SPORTS.TAMPABAY.COM . Now and throughout the Olympics, find news updates, previous stories and schedules.
|U.S. sailing medal count|
|470 Men||Gold||Paul Foerster and Kevin Burnham|
|Tornado||Silver||John Lovell and Charlie Ogletree|
|The Classes: A brief history
The first event for only women debuted in 1988. Before that women competed with men. Beijing will have competition in 11 events.
|Laser||Men's one-person dinghy|
|Laser Radial||Women's one-person dinghy|
|470 Men*||Two-person dinghy|
|470 Women||Two-person dinghy|
|Finn||Men's heavyweight single-handed dinghy|
|49er||Open double-handed high-performance dinghy|
|Tornado||Open double-handed multihull|
|Yingling||Women's triple-handed keelboat|
|* The number refers to the length in centimeters of the single-hull, three-sail vessel.|
The Olympics are the ultimate test of sailing skill. Athletes compete in identical, "one-design boats," built of the same material to precise specifications, so the top skipper and/or crew, not the team with the most money, wins in the end.
But at this year's Summer Games, which start Friday, the waters off Qingdao, China, will be particularly challenging, even for veteran sailors.
"The conditions there are not ideal," said U.S. windsurfer Ben Barger, who has lost weight in an effort to be more competitive in the light air. "The venue was picked more for political reasons than for the wind."
Barger, a 27-year-old St. Petersburg native who lives in Tampa, isn't the only sailor worried about the wind.
"It is going to be difficult," said Zach Railey, a 24-year-old from Clearwater who is representing the United States in the Finn class. "I have been working hard to drop weight. I was pretty lean at 215. But I am hoping that by the time the racing starts, I will be under 200 pounds."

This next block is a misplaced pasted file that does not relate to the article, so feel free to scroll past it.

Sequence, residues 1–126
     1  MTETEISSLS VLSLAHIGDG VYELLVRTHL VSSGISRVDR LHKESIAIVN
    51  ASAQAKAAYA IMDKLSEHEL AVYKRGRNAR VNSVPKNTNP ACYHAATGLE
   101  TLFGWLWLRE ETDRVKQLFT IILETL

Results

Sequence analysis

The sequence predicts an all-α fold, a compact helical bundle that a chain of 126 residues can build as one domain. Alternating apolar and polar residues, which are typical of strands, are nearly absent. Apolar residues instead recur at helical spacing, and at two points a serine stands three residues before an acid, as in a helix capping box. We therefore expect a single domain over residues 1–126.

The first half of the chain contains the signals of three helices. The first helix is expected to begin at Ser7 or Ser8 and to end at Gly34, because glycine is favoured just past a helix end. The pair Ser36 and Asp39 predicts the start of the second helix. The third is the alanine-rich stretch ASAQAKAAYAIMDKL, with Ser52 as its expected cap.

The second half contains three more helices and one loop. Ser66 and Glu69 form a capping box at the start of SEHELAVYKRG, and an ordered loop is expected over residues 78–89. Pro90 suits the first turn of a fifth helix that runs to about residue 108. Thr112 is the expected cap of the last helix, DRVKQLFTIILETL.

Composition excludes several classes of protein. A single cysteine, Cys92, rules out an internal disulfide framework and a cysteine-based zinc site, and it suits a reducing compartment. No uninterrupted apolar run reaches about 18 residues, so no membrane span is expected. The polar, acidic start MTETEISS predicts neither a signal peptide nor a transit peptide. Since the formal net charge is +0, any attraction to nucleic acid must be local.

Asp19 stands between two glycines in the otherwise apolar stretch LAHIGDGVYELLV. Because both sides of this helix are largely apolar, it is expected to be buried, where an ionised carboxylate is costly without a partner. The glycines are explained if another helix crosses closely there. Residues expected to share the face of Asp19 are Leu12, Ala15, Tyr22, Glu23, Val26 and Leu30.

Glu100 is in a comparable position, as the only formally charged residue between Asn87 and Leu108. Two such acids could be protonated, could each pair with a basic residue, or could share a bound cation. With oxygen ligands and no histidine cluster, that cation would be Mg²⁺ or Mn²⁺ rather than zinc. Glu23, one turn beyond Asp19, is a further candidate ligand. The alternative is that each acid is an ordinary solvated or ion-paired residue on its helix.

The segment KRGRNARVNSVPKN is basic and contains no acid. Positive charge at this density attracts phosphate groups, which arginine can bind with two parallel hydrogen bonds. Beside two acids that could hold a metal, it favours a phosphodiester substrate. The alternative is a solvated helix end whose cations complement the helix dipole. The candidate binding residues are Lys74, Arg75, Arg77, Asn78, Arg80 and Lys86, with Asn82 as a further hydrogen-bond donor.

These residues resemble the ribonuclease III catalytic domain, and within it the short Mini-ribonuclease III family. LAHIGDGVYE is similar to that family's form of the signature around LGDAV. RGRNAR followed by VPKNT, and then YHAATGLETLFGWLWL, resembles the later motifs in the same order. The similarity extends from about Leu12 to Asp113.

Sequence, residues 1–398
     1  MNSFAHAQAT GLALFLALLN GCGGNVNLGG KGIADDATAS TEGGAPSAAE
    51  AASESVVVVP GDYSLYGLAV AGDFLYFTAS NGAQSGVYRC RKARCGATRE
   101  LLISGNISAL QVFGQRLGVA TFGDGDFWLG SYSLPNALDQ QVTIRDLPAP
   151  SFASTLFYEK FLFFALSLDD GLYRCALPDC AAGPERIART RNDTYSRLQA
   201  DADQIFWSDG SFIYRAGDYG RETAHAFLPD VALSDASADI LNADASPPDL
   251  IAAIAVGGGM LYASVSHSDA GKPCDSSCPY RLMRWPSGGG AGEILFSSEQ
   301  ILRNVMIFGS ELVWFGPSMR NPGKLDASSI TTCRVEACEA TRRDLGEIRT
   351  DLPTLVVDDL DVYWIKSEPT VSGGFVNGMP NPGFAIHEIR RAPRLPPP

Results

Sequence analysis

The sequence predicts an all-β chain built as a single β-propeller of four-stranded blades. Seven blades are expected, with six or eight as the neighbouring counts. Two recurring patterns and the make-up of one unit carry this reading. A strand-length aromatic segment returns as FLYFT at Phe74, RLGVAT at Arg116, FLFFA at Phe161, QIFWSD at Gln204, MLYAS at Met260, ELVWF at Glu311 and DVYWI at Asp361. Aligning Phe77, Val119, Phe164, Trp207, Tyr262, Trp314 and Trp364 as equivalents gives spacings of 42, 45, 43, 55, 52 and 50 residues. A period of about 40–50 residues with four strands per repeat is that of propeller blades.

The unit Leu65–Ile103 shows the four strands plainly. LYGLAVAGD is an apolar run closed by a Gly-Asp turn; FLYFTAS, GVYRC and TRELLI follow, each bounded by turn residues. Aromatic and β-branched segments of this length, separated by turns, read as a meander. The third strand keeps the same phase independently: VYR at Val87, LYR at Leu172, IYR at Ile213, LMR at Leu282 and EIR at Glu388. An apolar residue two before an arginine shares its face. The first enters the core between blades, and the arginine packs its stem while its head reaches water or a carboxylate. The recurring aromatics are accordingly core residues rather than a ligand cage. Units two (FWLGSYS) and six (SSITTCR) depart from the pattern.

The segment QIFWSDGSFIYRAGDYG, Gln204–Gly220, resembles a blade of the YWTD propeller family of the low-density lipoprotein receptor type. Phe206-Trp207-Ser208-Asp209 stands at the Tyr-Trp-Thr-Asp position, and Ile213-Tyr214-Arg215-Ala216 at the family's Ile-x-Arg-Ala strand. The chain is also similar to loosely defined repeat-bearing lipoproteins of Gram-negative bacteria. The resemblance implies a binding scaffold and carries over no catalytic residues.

The International Sailing Federation has selected nine one-design classes for the 11 Olympic sailing events to be held in Qingdao, a coastal city about 340 miles southeast of the main action in Beijing.
The sport made its Olympic debut in 1900, four years after the first modern Games in Athens, Greece. Since then, the United States has been an Olympic powerhouse; only Great Britain has won more medals.
In 2008, Floridians will lead the way, representing the United States in four of the 11 events. In addition to Railey and Barger, the team includes Nancy Rios, a Miami board sailor, and Anna Tunnicliffe, a Fort Lauderdale resident who sails the Laser Radial.
The women are trying to follow in the footsteps of St. Petersburg native Allison Jolly, who at the 1988 Seoul Olympics won the first women's gold medal in the 470, a two-person dinghy. In 1992, two more women's events were added, windsurfing and the single-handed dinghy.
Barger grew up sailing the waters off Tierra Verde, which during the winter months is considered one of the best windsurfing spots in the United States.
"Growing up, I spent a lot of time on the water," he said. "It seemed like that was all I ever did every day after school."
Barger said the key to his success is a sound mind and body.
"You have to be in top shape," he said. "But you also have to master the skills and the tactics. The difference between winning and losing is knowing when to make your move."
A business consultant in Web marketing and nutrition, Barger trains like a triathlete. "You have to be strong in relation to your body weight, but you also have to be able to go the distance," he said.
Railey, and his younger sister, Paige, who narrowly missed an Olympic berth in the Laser class, grew up in a veritable playground for water sports enthusiasts.
"I didn't care what it was, as long as I was on the water, I was happy," Zach said.
He was a competitive sailor at age 8, and at 11 he became the youngest sailor to compete in the Optimist World Championships.
Later he switched to Lasers but eventually got too big for the one-person dinghy. "I was 6-4 and about 20 pounds too heavy for the class," he said. "So I switched to the Finn in 2004."
A physically demanding boat, the Finn is ideally suited to Railey's size and strength. With only one year of experience, he placed second at the 2005 Finn North Americans in Clearwater.
At the Olympic trials in California, Railey went up against a slew of more seasoned competitors.
"I went into it doing everything I could to win," he said. "It is more than sailing. I worked on everything … cardio, strength and nutrition. In the end, I think it paid off."